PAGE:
Healthy children are the strength of a community. But it requires more than pediatric medical care. It requires keeping them safe from harm.
Before child safety caps and childproof cabinet latches, accidental poisonings were all too common among children. One of the biggest problems was not knowing what to do. Even for doctors and hospitals, knowing how to treat different types of poisoning could be a challenge. But a movement to centralize information had begun, and W.I. Cook Memorial Children's Hospital was among the first in Texas to set up a poison control center, offering quick access to lifesaving information.
The center didn't offer treatment. Instead, information was relayed to the treating physician who would then make treatment decisions based on the information received. At the time, 9-1-1 calling didn't exist, so the center referred the public to contact their doctor directly except in situations where immediate first-aid might be required.
The center would eventually grow to cover Fort Worth, Dallas and the surrounding North Texas counties.
Dr. Edwin Schwarz was honored for his many contributions to pediatric care. Dr. Schwarz was recognized for starting the first day nursery in Fort Worth, the first children's clinic and his service as chief of staff at Cook Memorial Hospital for Children. The Tarrant County Medical Society also presented Dr. Schwarz with the "Gold Headed Cane" for his service to three generations of children.
On January 1, 1958, W.I. Cook Memorial Children's Hospital was awarded "Type 1 Institutional Member" by the Texas Medical Association. The Texas Medical Association has a long history of promoting excellence in medical practice.
When the Fort Worth Children's Hospital trustees began talking about a new building, it was Nenetta Carter who inspired the people of the community to come together and raise the funding necessary.
Even though a merger between Fort Worth Children's Hospital and W.I Cook Memorial Hospital didn't occur in 1952, the Fort Worth Children's Hospital Board of Trustees and the Women's Board were already focused on building a larger children's hospital.
In the late 1950s, the Board of Trustees of Fort Worth Children's Hospital hired a hospital consulting firm from Minneapolis, Minnesota, to assist with selection of a building site and the program development for their new facility.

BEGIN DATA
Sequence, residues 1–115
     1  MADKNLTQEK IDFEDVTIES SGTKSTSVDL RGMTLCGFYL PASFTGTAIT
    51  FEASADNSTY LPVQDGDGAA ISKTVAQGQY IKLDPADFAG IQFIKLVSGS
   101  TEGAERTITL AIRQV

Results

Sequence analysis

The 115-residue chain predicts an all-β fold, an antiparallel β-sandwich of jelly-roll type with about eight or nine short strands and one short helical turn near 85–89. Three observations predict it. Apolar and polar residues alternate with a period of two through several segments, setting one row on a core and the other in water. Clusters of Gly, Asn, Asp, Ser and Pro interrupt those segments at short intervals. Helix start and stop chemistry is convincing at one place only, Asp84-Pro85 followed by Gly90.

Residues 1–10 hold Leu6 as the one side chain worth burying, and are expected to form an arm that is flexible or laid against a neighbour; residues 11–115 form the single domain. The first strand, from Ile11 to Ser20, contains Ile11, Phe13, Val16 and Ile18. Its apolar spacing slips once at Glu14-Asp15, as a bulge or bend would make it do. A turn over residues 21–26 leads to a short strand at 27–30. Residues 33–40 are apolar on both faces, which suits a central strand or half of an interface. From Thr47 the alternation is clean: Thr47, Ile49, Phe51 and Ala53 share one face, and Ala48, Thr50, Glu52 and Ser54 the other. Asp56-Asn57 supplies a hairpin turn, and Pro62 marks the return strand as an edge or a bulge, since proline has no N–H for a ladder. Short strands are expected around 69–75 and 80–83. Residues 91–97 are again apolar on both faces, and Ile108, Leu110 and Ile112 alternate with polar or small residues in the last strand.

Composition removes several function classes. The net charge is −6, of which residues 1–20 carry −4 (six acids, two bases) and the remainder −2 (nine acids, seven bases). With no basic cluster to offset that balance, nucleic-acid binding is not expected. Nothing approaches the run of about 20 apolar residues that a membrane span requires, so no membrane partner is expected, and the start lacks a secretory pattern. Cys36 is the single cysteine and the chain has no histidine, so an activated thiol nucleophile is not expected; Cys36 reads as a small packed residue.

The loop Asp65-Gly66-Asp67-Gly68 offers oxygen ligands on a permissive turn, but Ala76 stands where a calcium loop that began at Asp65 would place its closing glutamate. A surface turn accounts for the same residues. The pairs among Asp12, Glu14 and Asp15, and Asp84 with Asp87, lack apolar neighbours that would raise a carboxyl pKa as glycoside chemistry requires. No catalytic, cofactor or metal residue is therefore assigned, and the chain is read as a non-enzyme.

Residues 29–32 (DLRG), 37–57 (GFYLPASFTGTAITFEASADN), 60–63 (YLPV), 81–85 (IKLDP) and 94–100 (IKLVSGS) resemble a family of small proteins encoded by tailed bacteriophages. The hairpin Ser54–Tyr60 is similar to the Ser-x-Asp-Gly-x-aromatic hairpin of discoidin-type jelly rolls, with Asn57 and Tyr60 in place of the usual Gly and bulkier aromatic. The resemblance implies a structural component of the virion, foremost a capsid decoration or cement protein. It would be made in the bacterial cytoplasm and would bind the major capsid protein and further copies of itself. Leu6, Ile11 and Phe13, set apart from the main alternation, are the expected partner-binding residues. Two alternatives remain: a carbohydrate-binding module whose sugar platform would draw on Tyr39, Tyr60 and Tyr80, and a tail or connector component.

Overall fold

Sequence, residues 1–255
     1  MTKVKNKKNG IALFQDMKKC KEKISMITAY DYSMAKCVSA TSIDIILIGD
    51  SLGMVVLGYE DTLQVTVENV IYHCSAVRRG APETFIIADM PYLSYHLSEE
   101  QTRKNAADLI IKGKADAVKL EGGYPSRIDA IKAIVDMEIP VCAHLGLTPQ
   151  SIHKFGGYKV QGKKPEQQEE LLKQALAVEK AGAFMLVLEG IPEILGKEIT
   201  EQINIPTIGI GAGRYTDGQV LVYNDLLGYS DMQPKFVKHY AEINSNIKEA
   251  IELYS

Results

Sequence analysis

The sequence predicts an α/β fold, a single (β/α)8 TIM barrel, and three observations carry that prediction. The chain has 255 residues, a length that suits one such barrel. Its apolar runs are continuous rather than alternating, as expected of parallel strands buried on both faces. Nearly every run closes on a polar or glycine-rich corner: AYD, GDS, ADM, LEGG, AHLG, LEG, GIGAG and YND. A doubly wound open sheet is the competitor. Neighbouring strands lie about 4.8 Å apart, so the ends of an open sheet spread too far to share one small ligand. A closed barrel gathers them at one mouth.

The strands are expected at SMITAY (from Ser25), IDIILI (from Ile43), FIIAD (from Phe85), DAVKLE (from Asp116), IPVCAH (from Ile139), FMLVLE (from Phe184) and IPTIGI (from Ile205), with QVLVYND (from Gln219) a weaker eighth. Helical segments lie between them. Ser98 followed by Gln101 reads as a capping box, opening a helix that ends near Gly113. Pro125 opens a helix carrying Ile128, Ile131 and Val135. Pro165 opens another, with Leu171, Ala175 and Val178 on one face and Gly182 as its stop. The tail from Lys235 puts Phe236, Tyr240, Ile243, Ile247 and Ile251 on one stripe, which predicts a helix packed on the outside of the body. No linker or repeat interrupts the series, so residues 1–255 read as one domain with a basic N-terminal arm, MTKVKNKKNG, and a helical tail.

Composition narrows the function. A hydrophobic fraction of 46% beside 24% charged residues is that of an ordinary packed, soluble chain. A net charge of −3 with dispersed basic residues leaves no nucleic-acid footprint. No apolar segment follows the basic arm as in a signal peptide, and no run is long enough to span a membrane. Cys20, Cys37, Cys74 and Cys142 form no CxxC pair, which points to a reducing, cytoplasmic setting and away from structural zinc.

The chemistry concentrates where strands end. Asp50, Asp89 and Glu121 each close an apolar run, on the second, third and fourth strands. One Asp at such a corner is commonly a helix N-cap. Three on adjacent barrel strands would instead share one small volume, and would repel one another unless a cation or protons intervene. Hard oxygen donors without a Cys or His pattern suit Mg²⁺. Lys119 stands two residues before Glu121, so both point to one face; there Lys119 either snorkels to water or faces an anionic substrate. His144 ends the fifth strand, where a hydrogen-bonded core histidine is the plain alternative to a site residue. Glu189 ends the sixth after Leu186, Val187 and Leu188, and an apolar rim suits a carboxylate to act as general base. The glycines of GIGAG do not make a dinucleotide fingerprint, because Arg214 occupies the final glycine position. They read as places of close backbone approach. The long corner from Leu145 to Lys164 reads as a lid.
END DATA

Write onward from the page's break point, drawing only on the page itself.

It was decided that Fort Worth Children's Hospital be located at the corner of 6th Avenue and Cooper Street adjacent to Harris Methodist Hospital so that services could be shared between the two facilities. The two hospitals also agreed that the Fort Worth Children's Hospital would construct a department of physical therapy large enough to serve both adults and children and that the two facilities would exchange services on a cost basis. Even to this day, Cook Children's and Texas Health Harris Methodist share a very good working relationship.
Writer Boris Pasternak was awarded the Nobel Peace Prize for Dr. Zhivago and the first glimpse of advanced office technology arrived when Xerox developed the Xerographic machine making administrative work easier and more efficient.
Fort Worth Children's Hospital wasn't the only one outgrowing their space, W.I. Cook Memorial Children's Hospital had also outgrown its capacity. Rather than move, they added a second and third floor, bringing their capacity to 100 beds.
At the Fort Worth Children's Hospital groundbreaking on Cooper Street, it was decided the children should be a part of the ceremony since it was, after all, a children's hospital.
The new hospital would be located adjacent to Harris. During construction, a tunnel was created and would connect the two hospitals so services could be shared between them. Fort Worth Children's Hospital also added a physical therapy unit that was large enough to serve children and adults. Through this deep connection between hospitals, patients could safely be transported between the hospitals and benefit from the additional services available.
Football arrived in Texas with the Dallas Cowboys. The Dallas Rangers and Fort Worth Panthers baseball teams merged to become the Dallas-Fort Worth Rangers, alternating games between Burnett Field in Dallas and La Grave Field in Fort Worth. Through the years team players began a tradition of visiting patients and cheering them up — a tradition that continues to this day.
The new Fort Worth Children's Hospital building opened on Cooper Street with 34 beds.
Built at a cost of $1,166,721, the first phase of the building was completed in 1961. Connected by an underground tunnel, babies and children could be quickly transferred from Harris to the Fort Worth Children's Hospital. In return, Fort Worth Children's Hospital received a full range of services available at Harris Methodist Hospital. In 1965, Fort Worth Children's Hospital expanded to 102 beds by adding two additional stories to its north wing and one additional story to its south wing. This building was demolished in 2001 to expand the new medical center. W.I. Cook Memorial Children's Hospital had also outgrown their capacity and added a second and third floor, bringing their capacity to 100 beds.